12 Nov 2010

Remove unauthorised hoardings: High Court

Holding that there was no right available to a person to demand the opportunity of being treated fairly even in the scenario where the matter pertained to removal of unauthorized hoardings put up by the person on traffic signals or public places, the Andhra Pradesh High Court in a recently reported decision has directed the authorities to ensure that unauthorized hoardings are removed in a timely manner such that unauthorised personnel do not derive monetary advantage of committing wrongly acts. 

The High Court in M/s Stan Power v. Greater Hyderabad Municipal Corporation (AIR 2010 NOC 999) inter alia observed as under;
22. All the objections which the petitioner could have put forth before the Commissioner, GHMC have been raised in the present writ petition and, as these contentions have been examined, the petitioner cannot be said to have suffered prejudice on that score.
23. The petitioner cannot take advantage on his own wrong, in installing traffic signals and erecting advertisement hoardings without prior written permission of the Commissioner, GHMC or a written agreement having been entered into with the Corporation, to contend that the traffic signals and advertisement hoardings should not be removed except after putting them on notice and giving them an opportunity of being heard. No prejudice has been caused to the petitioner as a result of respondent nos.1 and 2 not complying with principles of natural justice. Even before this Court, the petitioner has not shown that he had obtained prior written permission of the Commissioner under Section 421(1), or that he had entered into a written agreement with the Corporation under Section 124 of the GHMC Act. The challenge to the impugned proceedings, on the ground of violation of principles of natural justice, must fail.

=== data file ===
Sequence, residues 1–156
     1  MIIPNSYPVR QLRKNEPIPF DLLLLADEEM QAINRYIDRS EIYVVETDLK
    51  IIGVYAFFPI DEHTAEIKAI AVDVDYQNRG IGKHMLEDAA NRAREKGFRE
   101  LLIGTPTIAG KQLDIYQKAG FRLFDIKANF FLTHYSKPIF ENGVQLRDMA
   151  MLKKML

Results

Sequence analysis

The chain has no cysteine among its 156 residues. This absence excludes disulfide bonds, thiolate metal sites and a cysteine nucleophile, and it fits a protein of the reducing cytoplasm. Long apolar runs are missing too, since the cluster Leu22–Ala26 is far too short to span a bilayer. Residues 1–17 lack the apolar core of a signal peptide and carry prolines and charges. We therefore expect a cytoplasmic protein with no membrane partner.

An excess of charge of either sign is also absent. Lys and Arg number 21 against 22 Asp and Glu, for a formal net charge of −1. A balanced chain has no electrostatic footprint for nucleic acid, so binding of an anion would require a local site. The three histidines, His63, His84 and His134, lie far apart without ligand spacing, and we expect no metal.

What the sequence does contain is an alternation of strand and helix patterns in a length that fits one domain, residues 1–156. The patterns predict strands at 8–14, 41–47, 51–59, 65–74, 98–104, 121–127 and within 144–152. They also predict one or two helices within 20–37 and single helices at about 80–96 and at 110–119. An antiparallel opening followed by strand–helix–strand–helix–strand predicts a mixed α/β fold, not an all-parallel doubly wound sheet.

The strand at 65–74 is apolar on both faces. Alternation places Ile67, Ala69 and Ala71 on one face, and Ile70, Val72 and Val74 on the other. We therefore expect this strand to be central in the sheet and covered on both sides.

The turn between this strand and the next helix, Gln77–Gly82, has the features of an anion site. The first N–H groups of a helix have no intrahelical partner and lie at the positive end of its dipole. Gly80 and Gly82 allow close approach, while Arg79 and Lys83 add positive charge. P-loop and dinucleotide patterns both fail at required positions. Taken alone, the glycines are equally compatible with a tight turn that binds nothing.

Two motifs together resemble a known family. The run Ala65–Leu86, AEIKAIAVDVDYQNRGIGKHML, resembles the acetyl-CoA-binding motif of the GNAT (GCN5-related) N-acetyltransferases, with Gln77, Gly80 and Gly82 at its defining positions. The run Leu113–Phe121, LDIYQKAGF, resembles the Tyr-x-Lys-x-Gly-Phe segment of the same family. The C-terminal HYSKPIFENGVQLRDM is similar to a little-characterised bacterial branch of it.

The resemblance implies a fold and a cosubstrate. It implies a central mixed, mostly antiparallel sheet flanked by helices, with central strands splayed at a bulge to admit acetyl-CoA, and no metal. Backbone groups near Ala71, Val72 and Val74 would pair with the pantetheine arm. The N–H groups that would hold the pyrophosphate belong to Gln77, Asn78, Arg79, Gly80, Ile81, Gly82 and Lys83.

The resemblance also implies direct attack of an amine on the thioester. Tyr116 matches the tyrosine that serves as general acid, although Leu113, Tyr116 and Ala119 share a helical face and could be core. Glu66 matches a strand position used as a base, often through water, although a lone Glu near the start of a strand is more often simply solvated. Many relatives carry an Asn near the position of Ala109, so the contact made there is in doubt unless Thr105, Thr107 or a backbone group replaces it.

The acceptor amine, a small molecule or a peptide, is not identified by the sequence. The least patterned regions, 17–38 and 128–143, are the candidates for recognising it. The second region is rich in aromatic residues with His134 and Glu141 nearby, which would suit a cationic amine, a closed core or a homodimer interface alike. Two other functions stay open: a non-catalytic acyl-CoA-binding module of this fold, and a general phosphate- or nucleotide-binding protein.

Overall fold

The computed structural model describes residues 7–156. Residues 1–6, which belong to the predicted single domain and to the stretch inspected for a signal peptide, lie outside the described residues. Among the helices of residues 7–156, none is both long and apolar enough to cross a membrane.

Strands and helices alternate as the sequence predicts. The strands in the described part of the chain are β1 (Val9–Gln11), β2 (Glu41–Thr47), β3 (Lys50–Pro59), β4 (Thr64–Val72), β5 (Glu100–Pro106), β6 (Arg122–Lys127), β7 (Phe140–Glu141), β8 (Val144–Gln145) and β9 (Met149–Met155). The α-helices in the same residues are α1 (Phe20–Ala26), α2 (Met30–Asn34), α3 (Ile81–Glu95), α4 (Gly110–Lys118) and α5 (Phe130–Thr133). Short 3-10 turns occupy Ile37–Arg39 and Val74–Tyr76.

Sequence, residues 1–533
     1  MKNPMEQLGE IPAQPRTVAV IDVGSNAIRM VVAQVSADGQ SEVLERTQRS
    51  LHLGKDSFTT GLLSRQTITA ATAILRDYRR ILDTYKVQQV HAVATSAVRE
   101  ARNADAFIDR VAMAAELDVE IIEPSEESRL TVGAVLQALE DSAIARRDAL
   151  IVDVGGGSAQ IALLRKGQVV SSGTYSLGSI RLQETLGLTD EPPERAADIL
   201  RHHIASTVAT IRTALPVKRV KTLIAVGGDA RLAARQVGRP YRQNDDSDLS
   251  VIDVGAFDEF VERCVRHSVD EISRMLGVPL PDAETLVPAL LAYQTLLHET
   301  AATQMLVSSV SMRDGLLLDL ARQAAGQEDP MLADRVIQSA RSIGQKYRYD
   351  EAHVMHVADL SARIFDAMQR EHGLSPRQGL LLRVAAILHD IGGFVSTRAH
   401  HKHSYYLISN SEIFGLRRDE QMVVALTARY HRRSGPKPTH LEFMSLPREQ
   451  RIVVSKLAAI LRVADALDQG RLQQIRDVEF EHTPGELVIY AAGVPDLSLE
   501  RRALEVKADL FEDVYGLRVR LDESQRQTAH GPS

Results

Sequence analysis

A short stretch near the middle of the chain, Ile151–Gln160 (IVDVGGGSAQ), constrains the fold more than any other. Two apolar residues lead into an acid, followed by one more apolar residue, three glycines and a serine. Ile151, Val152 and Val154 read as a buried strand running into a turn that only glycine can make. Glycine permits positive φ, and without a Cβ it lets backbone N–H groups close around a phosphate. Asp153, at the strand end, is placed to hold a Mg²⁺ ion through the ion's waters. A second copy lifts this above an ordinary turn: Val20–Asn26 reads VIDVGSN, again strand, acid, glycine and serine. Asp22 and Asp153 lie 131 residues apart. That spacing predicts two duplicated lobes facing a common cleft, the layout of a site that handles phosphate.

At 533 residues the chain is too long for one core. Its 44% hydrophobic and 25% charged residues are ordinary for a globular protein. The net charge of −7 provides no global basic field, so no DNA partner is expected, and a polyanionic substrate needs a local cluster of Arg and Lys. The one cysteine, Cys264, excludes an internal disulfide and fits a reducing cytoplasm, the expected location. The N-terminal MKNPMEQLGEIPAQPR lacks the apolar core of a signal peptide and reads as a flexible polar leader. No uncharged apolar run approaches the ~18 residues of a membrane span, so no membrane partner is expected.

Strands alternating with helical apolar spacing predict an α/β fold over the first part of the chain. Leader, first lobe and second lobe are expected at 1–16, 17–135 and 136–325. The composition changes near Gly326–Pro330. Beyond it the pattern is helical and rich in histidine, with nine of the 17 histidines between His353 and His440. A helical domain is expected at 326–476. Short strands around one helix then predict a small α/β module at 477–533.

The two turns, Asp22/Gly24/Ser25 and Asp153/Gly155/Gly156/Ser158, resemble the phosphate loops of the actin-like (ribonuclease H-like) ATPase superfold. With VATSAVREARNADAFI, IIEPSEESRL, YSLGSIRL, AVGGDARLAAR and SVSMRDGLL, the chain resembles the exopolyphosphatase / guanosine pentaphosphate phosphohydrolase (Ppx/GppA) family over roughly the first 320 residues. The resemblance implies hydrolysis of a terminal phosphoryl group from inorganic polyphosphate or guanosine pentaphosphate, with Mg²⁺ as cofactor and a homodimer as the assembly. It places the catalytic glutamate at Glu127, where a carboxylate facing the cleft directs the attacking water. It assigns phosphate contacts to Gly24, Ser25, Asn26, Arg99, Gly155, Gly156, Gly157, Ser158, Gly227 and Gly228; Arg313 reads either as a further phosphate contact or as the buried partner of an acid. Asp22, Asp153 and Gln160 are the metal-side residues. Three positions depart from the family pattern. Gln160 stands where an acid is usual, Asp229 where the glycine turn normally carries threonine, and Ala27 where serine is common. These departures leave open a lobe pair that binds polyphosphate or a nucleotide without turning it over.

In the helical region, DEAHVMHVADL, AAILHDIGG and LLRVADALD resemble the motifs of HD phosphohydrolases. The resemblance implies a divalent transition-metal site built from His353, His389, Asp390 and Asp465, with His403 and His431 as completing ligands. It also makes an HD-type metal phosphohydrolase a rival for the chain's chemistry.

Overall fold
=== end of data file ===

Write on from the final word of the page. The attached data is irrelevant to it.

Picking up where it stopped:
24. In the light of the statutory prescription in Section 124 and Section 421(1) of the G.H.M.C. Act, failure on the part of the petitioner to have either entered into a written agreement with the G.H.M.C, or to have obtain prior permission of the Commissioner, G.H.M.C for erection of advertisement hoardings would require this Court refraining from interfering with the impugned proceedings dated 17.03.2010. Suffice to hold that, in case the petitioner makes a written request to the 1st respondent within one week from today seeking reasonable time, (say a week or two), to remove the advertisement hoardings and the traffic signals installed by them, the first respondent shall consider the said request in accordance with law. It is made clear that in case the petitioner does not make any such request, or in case he fails to remove the advertisement hoardings and the traffic signals within the time, if any, granted by the first respondent, it is open to respondent nos.1 and 2 to proceed further in accordance with law to have the traffic signals dismantled and the advertisement hoardings removed.
25. While the petitioner may not be entitled for the relief sought for, the officials of the GHMC have not acquitted themselves well either. It is disheartening to note that officials of the GHMC, who are required to discharge their statutory functions/duties, as prescribed under the GHMC Act and the Rules made thereunder, have turned a blind eye, and have failed to prevent the petitioner from installing traffic signals and erecting advertisement hoarding without complying with the procedural requirements of the GHMC Act of obtaining written permission of the Commissioner, GHMC under Section 421(1), or entering into an agreement under Section 124 of the GHMC Act. It is, indeed a matter of great concern that, despite absence of a written agreement and prior written permission of the Commissioner, GHMC, the petitioner was not prevented from installing traffic signals, and erecting hoardings, on roads belonging to the GHMC. How the officials concerned remained silent when the petitioner erected the advertisement hoardings on lands vested in the GHMC and had, in fact, encouraged the petitioner to do so by their failure to act with promptitude remains a mystery. While the revenue generated on these advertisement hoardings has benefited the petitioner, the GHMC has suffered a huge loss on that score. It is a sad reflection of the efficiency and conduct of the officials, at various rungs of the GHMC that the petitioner has, all these days, not been prevented from brazenly erecting advertisement hoardings, pocketing the revenues generated therefrom, and thereby depriving the GHMC of advertisement revenues legitimately due to it. Respondent nos.1 and 2 would do well to ensure that such incidents do not recur.

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